Communication is often touted as the number one most critical skill in a relationship AND there is very little or no training in our education system about how to actually do it effectively! 

As a relationship coach I have seen LDS/Mormon mixed faith marriages in crisis due to underdeveloped communication skills.

Here I want to give you what I consider to be essential scaffolding for successful communication. The two skills that can help you work through the inherent messiness of communication. 

There are two components to successful communication (1) what is going on inside of you (your thoughts and feelings) and (2) what is going on outside (communication tools, the actual words spoken). Both need to be addressed in order for communication to be at its best. 

Here we will talk about both components and how to implement them into your mixed faith marriage. 

Inside Work 

If you had to prioritize one of the two tools, prioritize this one. This is the work you do before you can implement any sort of communication tools  like “I statements,”  soft starts, or the difficult conversation tool I teach below. 

Before you have any sort of difficult or important conversation take the time to get yourself mentally and emotionally prepared. I teach clients that they need to lay the groundwork for their success by choosing ahead of time what they are going to think and feel during the conversation. 

If you are starting a difficult conversation and thinking, “My husband is a jerk and this needs to change,” and feeling frustrated – I guarantee you will get a certain result (probably not a good one) even if you say all the “correct” things.  If you decide to genuinely think “Our relationship is so important to me I am going to address this issue” and feel love – you will get a very different result (probably a good one). 

The inside work consists of choosing ahead of time what you are going to think and feel during your communication/conversation.

If you want to feel connected you may tell yourself, “This person matters more to me than anyone else.” If you want to feel compassion you may tell yourself, “They are really hurting now and I want to help.”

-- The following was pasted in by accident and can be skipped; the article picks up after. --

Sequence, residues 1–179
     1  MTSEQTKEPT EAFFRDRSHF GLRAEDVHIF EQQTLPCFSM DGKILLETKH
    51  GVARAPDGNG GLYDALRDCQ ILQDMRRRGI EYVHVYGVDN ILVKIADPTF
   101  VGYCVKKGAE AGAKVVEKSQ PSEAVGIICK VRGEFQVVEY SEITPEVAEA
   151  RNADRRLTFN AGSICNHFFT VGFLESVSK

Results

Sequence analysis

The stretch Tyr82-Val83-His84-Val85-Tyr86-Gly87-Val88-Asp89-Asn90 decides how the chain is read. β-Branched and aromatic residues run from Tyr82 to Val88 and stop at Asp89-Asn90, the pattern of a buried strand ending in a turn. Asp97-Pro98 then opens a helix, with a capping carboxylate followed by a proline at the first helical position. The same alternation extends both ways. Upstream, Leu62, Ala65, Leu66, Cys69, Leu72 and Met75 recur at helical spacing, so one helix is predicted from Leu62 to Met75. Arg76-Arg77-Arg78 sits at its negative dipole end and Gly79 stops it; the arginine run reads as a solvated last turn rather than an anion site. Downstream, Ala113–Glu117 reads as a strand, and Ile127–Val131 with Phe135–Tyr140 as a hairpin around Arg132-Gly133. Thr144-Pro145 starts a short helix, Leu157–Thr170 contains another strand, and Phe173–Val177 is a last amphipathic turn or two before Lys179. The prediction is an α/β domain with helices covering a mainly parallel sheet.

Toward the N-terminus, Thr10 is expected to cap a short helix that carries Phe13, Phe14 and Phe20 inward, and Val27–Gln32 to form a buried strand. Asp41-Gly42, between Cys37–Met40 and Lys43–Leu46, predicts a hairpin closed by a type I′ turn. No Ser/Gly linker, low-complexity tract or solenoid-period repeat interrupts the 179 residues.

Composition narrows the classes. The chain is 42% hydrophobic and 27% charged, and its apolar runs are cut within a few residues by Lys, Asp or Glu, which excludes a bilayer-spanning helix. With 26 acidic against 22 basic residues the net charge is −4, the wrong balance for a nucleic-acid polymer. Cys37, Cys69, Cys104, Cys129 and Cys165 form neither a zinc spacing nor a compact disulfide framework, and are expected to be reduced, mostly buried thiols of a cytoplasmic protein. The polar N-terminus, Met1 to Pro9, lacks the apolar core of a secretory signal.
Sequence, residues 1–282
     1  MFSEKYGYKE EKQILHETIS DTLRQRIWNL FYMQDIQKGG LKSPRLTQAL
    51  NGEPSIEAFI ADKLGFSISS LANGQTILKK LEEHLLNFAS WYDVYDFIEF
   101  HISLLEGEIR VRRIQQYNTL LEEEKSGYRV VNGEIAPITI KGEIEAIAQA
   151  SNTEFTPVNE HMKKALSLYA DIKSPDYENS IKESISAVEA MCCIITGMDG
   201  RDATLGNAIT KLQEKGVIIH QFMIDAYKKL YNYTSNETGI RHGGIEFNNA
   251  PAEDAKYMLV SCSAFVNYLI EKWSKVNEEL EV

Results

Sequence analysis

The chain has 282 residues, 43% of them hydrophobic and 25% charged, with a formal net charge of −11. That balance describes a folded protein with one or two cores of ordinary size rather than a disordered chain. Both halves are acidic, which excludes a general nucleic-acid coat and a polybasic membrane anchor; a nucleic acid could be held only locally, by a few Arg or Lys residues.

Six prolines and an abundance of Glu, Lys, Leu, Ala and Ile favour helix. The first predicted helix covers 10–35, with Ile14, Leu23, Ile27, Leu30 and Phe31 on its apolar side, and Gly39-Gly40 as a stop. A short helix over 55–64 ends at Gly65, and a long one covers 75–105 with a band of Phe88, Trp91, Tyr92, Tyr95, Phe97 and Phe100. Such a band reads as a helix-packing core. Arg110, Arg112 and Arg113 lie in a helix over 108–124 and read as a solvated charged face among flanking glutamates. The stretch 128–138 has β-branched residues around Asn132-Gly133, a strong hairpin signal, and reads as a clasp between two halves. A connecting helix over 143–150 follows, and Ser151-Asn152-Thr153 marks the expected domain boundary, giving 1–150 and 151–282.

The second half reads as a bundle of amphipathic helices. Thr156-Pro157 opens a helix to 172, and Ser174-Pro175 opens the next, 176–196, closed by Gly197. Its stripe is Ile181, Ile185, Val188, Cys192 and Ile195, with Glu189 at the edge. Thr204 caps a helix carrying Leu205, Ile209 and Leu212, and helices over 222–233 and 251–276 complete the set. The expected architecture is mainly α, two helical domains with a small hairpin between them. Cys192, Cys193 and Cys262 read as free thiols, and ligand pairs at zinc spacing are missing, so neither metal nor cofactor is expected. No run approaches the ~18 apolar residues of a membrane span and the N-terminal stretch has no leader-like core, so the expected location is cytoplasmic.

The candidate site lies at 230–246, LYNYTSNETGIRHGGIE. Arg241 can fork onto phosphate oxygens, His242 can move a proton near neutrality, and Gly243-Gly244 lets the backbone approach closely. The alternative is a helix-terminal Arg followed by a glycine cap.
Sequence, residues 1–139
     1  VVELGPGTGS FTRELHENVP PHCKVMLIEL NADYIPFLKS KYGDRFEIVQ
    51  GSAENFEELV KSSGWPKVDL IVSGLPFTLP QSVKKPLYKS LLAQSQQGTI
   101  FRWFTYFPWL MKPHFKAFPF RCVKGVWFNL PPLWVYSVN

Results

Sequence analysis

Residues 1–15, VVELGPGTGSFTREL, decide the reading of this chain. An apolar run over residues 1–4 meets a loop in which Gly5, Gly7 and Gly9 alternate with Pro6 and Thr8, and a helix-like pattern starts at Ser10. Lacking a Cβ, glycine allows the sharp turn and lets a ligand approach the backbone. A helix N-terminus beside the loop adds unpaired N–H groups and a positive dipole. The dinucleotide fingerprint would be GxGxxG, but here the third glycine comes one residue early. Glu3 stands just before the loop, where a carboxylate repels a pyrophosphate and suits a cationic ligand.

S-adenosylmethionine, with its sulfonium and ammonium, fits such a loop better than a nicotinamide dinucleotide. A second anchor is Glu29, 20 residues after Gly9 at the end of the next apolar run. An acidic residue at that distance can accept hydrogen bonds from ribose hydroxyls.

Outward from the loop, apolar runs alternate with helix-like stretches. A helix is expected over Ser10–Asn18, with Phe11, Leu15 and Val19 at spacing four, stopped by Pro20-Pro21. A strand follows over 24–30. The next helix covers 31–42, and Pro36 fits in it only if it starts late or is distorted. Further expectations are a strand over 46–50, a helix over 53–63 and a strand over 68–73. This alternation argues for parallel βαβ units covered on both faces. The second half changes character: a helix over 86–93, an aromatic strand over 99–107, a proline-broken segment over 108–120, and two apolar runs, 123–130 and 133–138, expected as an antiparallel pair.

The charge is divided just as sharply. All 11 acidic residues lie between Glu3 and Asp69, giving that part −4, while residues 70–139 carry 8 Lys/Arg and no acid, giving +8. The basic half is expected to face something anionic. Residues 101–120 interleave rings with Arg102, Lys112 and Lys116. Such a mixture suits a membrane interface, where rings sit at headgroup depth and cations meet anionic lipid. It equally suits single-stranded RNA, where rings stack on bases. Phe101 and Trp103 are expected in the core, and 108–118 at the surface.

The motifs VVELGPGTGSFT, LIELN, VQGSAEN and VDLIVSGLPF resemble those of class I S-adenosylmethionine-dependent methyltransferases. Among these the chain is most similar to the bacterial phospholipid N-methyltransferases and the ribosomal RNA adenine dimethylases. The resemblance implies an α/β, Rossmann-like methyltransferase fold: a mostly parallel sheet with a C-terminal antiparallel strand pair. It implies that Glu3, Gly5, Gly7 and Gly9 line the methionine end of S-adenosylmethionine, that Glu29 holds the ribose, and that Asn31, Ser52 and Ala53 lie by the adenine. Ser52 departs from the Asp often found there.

Many people jump right into communication without looking at what they are thinking and feeling and this can be a form of sabotage. When you jump into communication from frustration or hurt your success rate is going to be diminished.

Before practicing any communication skills first ask yourself:

What do you want to feel as you communicate?:


What do you need to think to feel that way?:

DO NOT UNDERESTIMATE ANSWERING THESE QUESTIONS. Taking two minutes to get clear on your intentions matter.

External Tools

The external tools are the things you learn in a relationship books, such as what to say and not to say. These tools when combined with the inside work become very effective. Without the internal work they often come across as hollow or fake. External tools will always feel a bit awkward at first. Be patient as you learn and implement them. You can learn any number of excellent tools from experts like John Gottman or Esther Perel. Here I will teach one tool taught by Brooke Castillo. This tool was created to help when having a difficult conversation (such as deciding about a child’s baptism or a resignation letter). 

1.  Do the inner work.

2.  Ask your spouse what they think and feel about the topic and LISTEN. Do not add your own thoughts and feelings. Do not try to convince, defend, or disprove. Just listen. 

3.  State the facts of the situation. These are the things everyone would agree on. (ie – we have a 7 1/2 year old child, the primary president asked me about his baptism, my parents told me they would like to visit for his baptism). 

4.  Summarize the two viewpoints:

You make these facts mean_______________________________________________

I make these facts mean_________________________________________________

5.  Now talk about a solution (ONLY the solution – you will be tempted to go back and talk about the problem) 

NOTE: You did not have an opportunity to share all your thoughts and feelings about the issue. This is not necessary and often leads to defensiveness. That part is left out on purpose. REMEMBER coming to a solution is more important than you being able to share all your thoughts and feelings. If you really want to share your thoughts and feelings pay attention if it is because you are trying to convince your partner. 

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If you found this helpful, there is more! I have a ton of resources to help you. 

Go to where I have a podcast all about issues around being a Mormon or post Mormon in a mixed faith marriage caused by a faith transition. 

If you are really ready to start working on your mixed faith marriage CLICK HERE to schedule a FREE call with me to talk about how coaching can help your mixed faith marriage. I will give you a full hour and we will really explore the issues you are facing and decide if coaching is a good fit for you. Your marriage is worth it! 

Talk to you soon,


Brooke Booth, JD
Certified Life Coach